Better late than never… Three online galleries of photos from the Big Bend are now up:
Big Bend, March 2014
Earlier this week we were treated to very clear weather and a full lunar eclipse. Even from Houston, aka light pollution central, the moon was highly visible and quite beautiful.
I shot the moon with a borrowed 400mm lens (f/5.6 max. aperture) and a cheap Tamron 1.4x converter. The combination made for a slow f/8, and I also stopped down one (f/11 effective) in attempts to sharpen things up a bit.
I used to own a 400mm lens many years ago, and I’d forgotten how difficult it can be to shoot long. Every bit of disturbance around the camera caused a visible vibration in the viewfinder. Using live view at 10x made the issue very apparent. A cold front had blown through, and the winds were making it impossible to get the camera and lens completely stable.
The other issue with eclipses, and I’d experienced this before when shooting one many years ago, is that the moon gets very dark towards totality. A normal full moon in clear skies is nearly as bright as full daylight. But a moon mostly covered in the Earth’s shadow is 5 – 6 stops of light less. That’s really challenging when shooting at f/11
I’ve been posting quite a bit to my Instagram account lately. Below is a sample of the recent photos along with a few random thoughts and info.
The collection of apps and the workflow I had on my mobile phone that enabled me to post to my blog is out of commission. I’ve had so many issues with my phone over the months and have had to reset it a few times. I’m not sure if all the apps are the reason that the phone keeps bogging down and having a glitch-fest that renders it practially useless, but I’m hesitant to set everything back up as it was before.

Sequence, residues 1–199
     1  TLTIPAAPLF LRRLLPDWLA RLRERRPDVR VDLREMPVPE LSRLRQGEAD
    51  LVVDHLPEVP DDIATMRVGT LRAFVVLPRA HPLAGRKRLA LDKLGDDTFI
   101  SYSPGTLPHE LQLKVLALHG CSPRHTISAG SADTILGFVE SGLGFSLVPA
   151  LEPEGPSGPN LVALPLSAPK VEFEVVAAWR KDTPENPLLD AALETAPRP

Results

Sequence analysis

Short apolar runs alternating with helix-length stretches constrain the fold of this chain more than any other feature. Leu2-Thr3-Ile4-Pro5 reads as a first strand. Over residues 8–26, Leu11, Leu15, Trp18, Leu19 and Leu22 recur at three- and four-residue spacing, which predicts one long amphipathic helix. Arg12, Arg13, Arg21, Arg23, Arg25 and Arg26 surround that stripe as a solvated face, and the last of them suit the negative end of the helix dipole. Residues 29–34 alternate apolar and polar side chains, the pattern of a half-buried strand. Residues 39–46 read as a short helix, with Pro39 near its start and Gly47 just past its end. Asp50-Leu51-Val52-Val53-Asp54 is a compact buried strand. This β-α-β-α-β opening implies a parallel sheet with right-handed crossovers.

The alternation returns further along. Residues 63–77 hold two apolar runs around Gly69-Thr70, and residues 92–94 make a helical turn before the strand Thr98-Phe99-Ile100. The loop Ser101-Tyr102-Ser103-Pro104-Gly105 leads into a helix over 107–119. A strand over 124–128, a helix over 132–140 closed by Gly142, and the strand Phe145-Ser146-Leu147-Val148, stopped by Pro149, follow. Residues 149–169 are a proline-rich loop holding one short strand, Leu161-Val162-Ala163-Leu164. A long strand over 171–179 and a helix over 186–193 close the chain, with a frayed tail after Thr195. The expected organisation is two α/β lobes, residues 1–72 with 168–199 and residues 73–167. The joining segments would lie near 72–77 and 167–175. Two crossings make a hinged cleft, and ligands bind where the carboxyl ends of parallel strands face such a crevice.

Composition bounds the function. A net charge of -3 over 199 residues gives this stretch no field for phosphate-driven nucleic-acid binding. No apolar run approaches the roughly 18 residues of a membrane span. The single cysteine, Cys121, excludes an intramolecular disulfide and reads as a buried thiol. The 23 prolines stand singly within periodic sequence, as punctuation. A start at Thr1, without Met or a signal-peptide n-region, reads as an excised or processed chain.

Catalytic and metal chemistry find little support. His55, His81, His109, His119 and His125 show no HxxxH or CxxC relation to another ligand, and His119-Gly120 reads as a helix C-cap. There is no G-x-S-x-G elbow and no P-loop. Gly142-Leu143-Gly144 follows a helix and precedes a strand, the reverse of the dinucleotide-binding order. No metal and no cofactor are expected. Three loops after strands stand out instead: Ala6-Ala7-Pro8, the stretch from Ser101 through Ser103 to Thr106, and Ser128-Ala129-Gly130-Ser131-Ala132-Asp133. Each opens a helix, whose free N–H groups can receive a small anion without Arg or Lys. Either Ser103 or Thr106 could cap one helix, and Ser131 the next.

I’m still using the Olympus OM-D E-M5 more than any other camera. I feel that I’m starting to learn what it can do well vs. the areas where it absolutly sucks. The small size and light weight of the Oly kit trumps everything else, so it’s been the right tool for the job lately.
Of course the other tools that I carry (Sony RX100 and also the camera on my phone) come in handy when needed!
One impressive thing about the Micro Four-Thirds (M43 or M4/3 or whatever you want to call it) is the reach you can get with relatively small telephoto lenses. Combined with the EXCELLENT in-body image stabilization of the E-M5, it’s a great tool for wildlife shooting.
My current longest focal length is 150mm, which translates to about 300mm (35mm “full-frame” equivalent field of view).
I’m looking into getting a longer lens for my kit, perhaps the Oly 75-300mm or the Panasonic 100-300mm. The long end of those lenses works out to about 600mm equivalent.
The flowers are NOT as good as anticipated. I had high hopes over a month ago when I noticed flowers blooming in mass very early in the season. I think the ice storm we had in early March really hurt things.